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It won’t be long before school is out and students will be looking for summer jobs. Many graduating students will also be looking for their first jobs. The problem: There are a number of active employment scams that can derail any job search.

Secret shopper, re-shipper or mail forwarding, customer service, and telemarketing are common employment schemes used by scammer. One tell-tale sign of a potential employment scam is in the job title and description – both are very generic and short on details. Bogus job listings use titles like “import/export specialists,” “mail managers,” “gift wrappers,” or “marketing managers.”

Job hunters that apply for these types of positions may be asked, illegally, to provide personally identifying information, bank or credit card account information. If “hired” by the company, an “employee” may be asked to deposit a check into their bank account and forward a portion of the money to a third-party. The only problem is that the check is counterfeit, making the applicant liable for all funds spent as well as bank fees. If asked to reship packages for a fee, an “employee” may actually be forwarding stolen or illegal merchandise.

Look out for these red flags as well, when doing your job search:

  • Emails claiming to be from job posting websites claiming there’s a problem with a job hunter’s account. Job hunters might receive a phishing e-mail saying there has been a problem with their user accounts for,, or others. Phishing e-mails like this are designed to convince readers to click a link within the message that will actually take them to a website that will install malware or viruses on their computer.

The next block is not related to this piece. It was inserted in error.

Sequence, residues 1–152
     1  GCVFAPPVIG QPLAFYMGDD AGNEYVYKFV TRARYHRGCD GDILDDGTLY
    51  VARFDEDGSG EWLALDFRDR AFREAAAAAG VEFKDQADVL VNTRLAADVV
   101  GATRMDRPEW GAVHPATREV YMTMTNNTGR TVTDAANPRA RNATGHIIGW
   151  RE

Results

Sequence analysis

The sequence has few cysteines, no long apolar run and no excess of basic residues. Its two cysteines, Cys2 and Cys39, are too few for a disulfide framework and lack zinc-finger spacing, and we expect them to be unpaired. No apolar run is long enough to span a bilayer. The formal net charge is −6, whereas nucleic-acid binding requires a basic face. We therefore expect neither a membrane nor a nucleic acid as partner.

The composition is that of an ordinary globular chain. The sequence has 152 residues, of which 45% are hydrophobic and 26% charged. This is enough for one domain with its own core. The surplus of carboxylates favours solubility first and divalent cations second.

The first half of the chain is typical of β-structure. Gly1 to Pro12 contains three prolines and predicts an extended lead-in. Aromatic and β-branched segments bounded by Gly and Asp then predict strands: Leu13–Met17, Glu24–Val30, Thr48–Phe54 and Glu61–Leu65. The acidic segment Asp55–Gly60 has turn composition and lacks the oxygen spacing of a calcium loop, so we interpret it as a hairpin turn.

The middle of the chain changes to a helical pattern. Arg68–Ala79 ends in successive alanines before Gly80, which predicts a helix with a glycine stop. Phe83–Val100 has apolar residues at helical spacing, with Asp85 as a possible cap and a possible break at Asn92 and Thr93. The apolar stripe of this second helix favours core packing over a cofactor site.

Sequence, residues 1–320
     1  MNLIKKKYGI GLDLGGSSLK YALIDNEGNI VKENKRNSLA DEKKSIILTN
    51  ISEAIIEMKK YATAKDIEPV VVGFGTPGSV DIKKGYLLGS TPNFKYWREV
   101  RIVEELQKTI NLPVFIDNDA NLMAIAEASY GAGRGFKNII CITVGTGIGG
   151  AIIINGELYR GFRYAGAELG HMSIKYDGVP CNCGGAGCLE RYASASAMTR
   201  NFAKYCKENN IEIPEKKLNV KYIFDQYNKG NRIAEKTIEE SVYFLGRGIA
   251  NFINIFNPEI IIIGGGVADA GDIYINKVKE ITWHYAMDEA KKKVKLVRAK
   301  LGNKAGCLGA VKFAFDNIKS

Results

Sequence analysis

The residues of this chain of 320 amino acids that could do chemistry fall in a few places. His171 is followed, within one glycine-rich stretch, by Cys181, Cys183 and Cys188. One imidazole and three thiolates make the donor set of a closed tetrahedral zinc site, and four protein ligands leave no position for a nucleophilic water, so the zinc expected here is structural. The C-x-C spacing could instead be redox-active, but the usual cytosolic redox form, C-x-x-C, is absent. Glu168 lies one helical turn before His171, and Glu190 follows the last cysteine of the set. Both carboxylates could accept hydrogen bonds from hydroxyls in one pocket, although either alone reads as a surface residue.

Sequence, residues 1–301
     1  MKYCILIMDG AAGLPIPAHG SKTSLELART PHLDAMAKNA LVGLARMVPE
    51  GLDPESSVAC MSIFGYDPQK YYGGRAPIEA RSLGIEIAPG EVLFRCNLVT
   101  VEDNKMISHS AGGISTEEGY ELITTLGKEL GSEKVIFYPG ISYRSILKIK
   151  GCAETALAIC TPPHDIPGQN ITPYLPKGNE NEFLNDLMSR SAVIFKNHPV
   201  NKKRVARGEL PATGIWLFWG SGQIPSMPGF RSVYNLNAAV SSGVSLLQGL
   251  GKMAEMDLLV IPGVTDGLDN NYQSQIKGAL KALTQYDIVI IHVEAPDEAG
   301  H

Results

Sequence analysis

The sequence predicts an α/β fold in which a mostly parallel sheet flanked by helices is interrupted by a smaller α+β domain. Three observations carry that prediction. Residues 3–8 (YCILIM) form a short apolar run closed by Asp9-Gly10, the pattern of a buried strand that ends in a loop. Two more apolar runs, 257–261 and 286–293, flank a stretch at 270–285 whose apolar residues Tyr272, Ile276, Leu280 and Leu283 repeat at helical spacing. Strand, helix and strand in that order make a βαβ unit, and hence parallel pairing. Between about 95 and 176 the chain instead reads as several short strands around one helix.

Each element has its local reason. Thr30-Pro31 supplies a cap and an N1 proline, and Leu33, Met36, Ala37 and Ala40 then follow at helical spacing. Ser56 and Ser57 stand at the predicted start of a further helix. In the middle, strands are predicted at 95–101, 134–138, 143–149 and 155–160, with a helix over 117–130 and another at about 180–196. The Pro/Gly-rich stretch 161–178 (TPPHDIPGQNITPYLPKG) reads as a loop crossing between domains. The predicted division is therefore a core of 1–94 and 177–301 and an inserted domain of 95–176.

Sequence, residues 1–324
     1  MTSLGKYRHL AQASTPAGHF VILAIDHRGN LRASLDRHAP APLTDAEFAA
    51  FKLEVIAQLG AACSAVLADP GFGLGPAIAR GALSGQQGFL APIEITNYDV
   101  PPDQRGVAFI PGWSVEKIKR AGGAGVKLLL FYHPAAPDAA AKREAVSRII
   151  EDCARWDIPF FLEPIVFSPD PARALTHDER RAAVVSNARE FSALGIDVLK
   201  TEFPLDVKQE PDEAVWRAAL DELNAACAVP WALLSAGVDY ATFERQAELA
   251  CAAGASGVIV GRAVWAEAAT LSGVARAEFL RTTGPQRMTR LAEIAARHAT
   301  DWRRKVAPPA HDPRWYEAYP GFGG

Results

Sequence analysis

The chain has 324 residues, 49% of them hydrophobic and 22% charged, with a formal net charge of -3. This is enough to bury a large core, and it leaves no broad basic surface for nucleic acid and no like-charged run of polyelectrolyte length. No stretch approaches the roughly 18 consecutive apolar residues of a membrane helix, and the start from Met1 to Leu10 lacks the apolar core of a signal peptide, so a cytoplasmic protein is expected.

• An employer asks for extensive personal information such as social security or bank account numbers. Regardless of the reason or excuse given by the employer, a job applicant should never give out his or her Social Security or bank account numbers over the phone or e-mail.
  • An employer asks for money upfront. Aside from paying for a uniform, it is rarely advisable for an applicant to pay upfront fees for “background checks” or make a required purchase to get a job.
  • The job requires the employee to wire money through Western Union or MoneyGram. Many phony jobs require the prospective employee to cash a check sent by the company through the mail and then wire a portion of the money on to another entity. The check might clear the employee’s bank account but will eventually turn out to be a fake, and the employee is out the money he or she wired back to the scammers.
  • Watch out for these phrases and descriptions: Scam ads often contain the phrases “Teleworking OK,” “Immediate Start” and “No Experience Needed.” Wording such as “package forwarding,” “reshipping,” “money transfers,” “wiring funds” and “foreign agent agreements” should also be considered a red flag.

Watch out for ads that urge you to apply immediately.

For more information, go to Look Out for Fake Job Offers.

Contact your BBB or the Federal Trade Commission if you have questions about the legitimacy of a job listing.

To report a scam, go to BBB Scam Tracker.